Primary education: listening and observing
Primary education: listening and observing

Start this free course now. Just create an account and sign in. Enrol and complete the course for a free statement of participation or digital badge if available.

4 Homework around the world

A survey of more than 27,000 parents in 29 countries found a quarter of parents worldwide spend seven or more hours a week helping their children with homework (Varkey Foundation, 2018).

Parents in India helped the most, spending an average of 12 or more hours each week helping with homework and reading to their children. Parents in Japan spent the least, at about 2.6 hours. Parents in the USA spent 6.2 hours, just below the global average of 6.7 hours.

But the survey also found that children whose parents help a lot with their homework did not perform any better on tests than children who do their homework all by themselves. Educationalists generally agree it's important that parents at least know what their children are working on and how much time it's taking them to complete it. Taking an interest in a child's homework also helps to create a home in which learning is valued.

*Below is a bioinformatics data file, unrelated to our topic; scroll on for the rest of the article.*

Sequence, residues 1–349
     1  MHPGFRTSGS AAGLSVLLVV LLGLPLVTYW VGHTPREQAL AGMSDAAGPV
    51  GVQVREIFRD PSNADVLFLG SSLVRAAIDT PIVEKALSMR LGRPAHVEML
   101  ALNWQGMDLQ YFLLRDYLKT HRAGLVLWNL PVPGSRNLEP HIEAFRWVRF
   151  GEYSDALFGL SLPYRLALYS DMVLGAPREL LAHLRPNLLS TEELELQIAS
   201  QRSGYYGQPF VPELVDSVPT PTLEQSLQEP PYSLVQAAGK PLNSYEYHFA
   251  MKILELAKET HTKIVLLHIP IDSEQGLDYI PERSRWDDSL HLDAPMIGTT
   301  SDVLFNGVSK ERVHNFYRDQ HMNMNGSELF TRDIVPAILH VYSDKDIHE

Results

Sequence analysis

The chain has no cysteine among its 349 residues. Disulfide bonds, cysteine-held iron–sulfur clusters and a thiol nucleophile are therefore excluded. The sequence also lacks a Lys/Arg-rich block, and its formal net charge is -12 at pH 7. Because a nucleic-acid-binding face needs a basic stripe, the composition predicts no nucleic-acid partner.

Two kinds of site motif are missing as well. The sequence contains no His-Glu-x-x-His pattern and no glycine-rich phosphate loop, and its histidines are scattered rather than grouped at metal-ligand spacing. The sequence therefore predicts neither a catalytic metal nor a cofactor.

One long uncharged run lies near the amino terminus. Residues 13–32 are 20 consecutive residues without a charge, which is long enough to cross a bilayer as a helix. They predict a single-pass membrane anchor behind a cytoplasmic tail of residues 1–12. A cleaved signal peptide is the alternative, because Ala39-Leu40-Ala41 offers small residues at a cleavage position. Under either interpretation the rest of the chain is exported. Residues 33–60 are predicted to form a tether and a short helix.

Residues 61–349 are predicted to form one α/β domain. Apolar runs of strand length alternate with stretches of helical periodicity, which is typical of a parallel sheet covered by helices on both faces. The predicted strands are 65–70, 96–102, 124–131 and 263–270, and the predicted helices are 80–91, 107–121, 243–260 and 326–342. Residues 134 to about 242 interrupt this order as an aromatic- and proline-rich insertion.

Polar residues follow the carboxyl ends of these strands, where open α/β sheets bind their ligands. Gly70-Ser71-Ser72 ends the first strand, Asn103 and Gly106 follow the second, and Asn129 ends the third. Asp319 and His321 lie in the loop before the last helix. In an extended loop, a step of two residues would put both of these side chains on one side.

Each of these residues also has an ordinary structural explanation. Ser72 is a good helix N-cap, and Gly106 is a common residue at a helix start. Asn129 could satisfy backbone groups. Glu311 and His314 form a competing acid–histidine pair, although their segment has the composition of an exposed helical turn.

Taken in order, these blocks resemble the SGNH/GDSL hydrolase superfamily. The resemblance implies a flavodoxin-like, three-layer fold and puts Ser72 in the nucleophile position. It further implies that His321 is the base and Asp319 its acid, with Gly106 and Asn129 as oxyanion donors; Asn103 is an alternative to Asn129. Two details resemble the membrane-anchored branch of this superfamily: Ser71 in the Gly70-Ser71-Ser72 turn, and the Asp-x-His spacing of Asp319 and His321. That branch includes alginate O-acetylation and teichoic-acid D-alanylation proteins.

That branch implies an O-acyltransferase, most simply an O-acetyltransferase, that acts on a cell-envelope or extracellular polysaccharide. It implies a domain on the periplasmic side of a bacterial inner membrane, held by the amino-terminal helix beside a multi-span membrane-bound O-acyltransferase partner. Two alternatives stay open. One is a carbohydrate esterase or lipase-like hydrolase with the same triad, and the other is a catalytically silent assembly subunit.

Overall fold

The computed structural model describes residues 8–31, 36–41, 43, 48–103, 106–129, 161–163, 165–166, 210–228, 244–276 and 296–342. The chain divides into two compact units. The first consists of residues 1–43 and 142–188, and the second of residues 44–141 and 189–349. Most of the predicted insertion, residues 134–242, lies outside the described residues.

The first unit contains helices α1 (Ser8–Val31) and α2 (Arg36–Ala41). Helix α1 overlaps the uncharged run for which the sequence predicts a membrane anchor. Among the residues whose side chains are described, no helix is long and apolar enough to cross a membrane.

While a quarter (25%) of parents worldwide spend 7 or more hours a week helping their children with their education, this figure rises to 62% in India, 50% in Vietnam and 39% in Colombia. Parents in richer nations are spending less time, with only 5% spending 7 or more hours a week in Finland, 10% in France and Japan, and 11% in the UK. Parents in lower income economies are more likely to spend significant amounts of time helping their children outside the classroom than those in established economies. The most commonly occurring reason that parents don’t help their children – cited by over half of parents (52%) across the survey – is lack of time.

Take your learning further

Making the decision to study can be a big step, which is why you'll want a trusted University. The Open University has 50 years’ experience delivering flexible learning and 170,000 students are studying with us right now. Take a look at all Open University courses.

If you are new to University-level study, we offer two introductory routes to our qualifications. You could either choose to start with an Access module, or a module which allows you to count your previous learning towards an Open University qualification. Read our guide on Where to take your learning next for more information.

Not ready for formal University study? Then browse over 1000 free courses on OpenLearn and sign up to our newsletter to hear about new free courses as they are released.

Every year, thousands of students decide to study with The Open University. With over 120 qualifications, we’ve got the right course for you.

Request an Open University prospectus371